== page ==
Tyrus's ability to perform next to Rose requires him to improve considerably in skills or effort. Either one will do, because if Tyrus played at a high energy level all the time then he'd be alone at the basket for an ally-oop all the time. If Rose can't get him the ball there, then blame Rose, but at least get into position. If Tyrus could develop a more consistent jumper to become a pick and roll threat, that'd work just as well as pressure opposing defenses.
As it stands, Tyrus needs to break out in a big way to have any shot of remaining with the Bulls. That may not be in the cards in any situation other than him becoming a superstar, and at this point, he may not want it to be in the cards anyway after three frustrating seasons where he hasn't seen eye to eye with the coaching staff about his usage.
Joakim Noah: There are probably three things that could stop Noah from being a long term fit in Chicago. He plays himself into a situation where another team offers him an unreasonably large contract that Chicago won't match, unlikely given that teams typically only overpay scorers. He spends more time smoking weed than lifting weights. He gets some type of debilitating injury.
Anything else, and Noah's your Chicago Bulls starting center for the next 5-6 years. He has the potential to give a team everything a non-star center can give; man defense, help defense, rebounding, hustle, post passing, and on court leadership. The only thing missing is some semblance of offensive game which might make him a max player even if he only chipped in 18 points a game.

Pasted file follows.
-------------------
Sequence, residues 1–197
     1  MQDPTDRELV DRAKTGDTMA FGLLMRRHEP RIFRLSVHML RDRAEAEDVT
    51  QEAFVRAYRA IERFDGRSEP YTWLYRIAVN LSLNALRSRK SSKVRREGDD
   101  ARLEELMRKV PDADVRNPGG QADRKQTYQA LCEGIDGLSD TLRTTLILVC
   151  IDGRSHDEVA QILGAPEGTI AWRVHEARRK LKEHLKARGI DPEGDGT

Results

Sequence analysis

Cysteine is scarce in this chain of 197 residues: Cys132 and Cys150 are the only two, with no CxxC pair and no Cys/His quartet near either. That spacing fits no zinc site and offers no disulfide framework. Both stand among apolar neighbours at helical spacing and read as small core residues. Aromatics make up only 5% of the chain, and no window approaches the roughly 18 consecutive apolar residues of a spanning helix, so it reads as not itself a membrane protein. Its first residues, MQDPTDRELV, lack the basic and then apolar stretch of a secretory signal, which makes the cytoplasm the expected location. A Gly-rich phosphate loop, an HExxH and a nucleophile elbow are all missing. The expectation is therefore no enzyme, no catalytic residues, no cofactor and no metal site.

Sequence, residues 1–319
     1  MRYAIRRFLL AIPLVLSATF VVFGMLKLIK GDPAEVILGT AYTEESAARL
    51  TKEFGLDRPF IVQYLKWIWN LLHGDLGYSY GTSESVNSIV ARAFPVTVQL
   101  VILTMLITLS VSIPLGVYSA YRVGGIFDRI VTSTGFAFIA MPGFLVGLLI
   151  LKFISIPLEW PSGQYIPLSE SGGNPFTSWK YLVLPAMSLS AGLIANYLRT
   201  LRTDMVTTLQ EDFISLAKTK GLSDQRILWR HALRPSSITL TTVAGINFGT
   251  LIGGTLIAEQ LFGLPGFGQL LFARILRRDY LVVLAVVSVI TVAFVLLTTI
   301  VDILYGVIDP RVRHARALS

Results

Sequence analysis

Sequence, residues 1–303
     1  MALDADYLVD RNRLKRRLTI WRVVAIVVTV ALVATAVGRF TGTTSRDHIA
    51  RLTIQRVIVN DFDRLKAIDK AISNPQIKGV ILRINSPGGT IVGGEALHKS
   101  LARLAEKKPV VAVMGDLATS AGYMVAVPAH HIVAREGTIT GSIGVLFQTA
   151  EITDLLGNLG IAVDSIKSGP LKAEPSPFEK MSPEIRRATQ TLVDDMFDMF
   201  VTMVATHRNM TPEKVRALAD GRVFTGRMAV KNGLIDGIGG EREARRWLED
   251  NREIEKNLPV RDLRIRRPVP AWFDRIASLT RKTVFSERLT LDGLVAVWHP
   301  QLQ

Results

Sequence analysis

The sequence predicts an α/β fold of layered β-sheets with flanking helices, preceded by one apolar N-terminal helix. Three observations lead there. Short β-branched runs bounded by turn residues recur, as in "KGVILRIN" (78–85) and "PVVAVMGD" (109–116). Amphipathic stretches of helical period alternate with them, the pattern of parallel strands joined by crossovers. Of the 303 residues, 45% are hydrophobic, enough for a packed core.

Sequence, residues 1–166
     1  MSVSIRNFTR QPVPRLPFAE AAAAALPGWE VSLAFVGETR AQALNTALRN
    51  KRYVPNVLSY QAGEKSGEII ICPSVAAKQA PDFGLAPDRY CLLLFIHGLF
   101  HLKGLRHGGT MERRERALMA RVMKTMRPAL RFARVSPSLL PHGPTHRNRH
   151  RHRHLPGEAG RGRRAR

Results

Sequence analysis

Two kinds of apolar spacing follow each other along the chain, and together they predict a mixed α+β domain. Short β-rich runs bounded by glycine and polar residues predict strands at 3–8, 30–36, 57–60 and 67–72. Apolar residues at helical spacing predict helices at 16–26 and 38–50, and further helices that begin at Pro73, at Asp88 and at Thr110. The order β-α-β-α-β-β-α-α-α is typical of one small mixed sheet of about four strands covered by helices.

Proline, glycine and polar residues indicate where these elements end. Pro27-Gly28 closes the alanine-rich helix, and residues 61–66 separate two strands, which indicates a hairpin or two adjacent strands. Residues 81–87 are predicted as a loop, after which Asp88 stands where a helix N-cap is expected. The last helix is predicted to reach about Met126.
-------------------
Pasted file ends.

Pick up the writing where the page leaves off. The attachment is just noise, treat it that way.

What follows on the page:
John Salmons: Salmons three point shooting is a plus next to Rose, and his contract price makes him fit nicely into the salary structure for as long as he's here given what tremendous value he provides for the money being paid. On the downside he's a ball stopper, and doesn't defend well. He's also approaching the age where his game is going to fall off a cliff while requiring a new deal.
Salmons is a great fit for any team if the price is right. At the MLE or less he can be a nice asset due to his ability to create efficient offense on his own. His inability to fit well into a system of ball movement or defend his position adequately limits his value though.
The likeliness of Salmons remaining with the Bulls long term depends largely on whether he opts out of his contract or not. If he opts in, then the Bulls will spend cap space in 2010 and can sign Salmons with bird rights in 2011. If he opts out, the bulls will direct their cap space elsewhere.
He's not really a good fit next to Rose in terms of how his abilities play off of Rose, but he is a good fit in that his ability to work on his own will remove pressure from Rose and allow the Bulls to have another creator on the floor in clutch moments or while Rose is resting.
Brad Miller: He helps the team for as long as he stays healthy and his body doesn't completely betray him. He's the only one who can set good picks for Rose and then hit an open jumper. He's clearly not a long term solution at this point and would only return at the league minimum if at all next season.
Jannero Pargo: He may provide nice spot up shooting while Rose drives, but he's a one year stop gap solution.
Johnson/Gibson: It's tempting to write a big thing up about how they fit next to Rose, but after watching summer league I question whether Gibson belongs in the NBA, and Johnson's fit will depend entirely on how his game develops. However, I've learned never to take too much out of summer league play, and both have years to improve their games.